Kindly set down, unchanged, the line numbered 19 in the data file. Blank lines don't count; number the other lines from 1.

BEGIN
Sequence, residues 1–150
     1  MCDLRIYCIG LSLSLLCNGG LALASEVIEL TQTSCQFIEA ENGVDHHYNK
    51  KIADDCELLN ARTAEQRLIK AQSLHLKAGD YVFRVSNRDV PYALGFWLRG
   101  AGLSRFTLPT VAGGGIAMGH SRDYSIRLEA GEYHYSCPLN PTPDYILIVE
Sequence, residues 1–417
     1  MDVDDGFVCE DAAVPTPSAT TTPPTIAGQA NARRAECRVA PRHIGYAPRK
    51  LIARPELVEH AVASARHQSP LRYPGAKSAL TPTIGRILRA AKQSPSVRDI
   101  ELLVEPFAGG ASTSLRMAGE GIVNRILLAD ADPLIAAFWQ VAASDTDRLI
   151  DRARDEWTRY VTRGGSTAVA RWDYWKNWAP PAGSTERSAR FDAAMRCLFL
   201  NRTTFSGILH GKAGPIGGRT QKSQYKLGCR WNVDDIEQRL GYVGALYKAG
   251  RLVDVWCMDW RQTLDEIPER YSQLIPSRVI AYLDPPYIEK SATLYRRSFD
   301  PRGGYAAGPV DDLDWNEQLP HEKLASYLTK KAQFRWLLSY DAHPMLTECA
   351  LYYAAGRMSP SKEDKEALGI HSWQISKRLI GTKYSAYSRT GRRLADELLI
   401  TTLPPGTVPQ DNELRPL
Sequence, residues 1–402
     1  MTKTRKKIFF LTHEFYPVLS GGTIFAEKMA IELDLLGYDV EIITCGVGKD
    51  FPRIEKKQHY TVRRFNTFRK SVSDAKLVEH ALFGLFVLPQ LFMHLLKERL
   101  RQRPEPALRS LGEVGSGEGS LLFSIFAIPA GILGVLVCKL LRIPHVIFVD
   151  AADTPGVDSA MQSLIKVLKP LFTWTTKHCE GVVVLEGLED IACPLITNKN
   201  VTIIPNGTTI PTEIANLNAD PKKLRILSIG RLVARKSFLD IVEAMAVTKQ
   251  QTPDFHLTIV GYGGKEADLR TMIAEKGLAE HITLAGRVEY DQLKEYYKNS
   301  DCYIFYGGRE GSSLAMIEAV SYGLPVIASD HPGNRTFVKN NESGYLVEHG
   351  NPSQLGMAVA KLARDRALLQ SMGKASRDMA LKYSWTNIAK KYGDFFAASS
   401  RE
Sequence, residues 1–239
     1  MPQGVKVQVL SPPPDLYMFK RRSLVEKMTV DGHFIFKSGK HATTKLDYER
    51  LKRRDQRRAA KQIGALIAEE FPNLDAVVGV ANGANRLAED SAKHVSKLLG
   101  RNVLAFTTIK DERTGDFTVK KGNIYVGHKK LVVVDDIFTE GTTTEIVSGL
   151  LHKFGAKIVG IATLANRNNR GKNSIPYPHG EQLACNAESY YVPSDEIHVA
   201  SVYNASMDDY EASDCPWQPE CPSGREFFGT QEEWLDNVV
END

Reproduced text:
   151  AADTPGVDSA MQSLIKVLKP LFTWTTKHCE GVVVLEGLED IACPLITNKN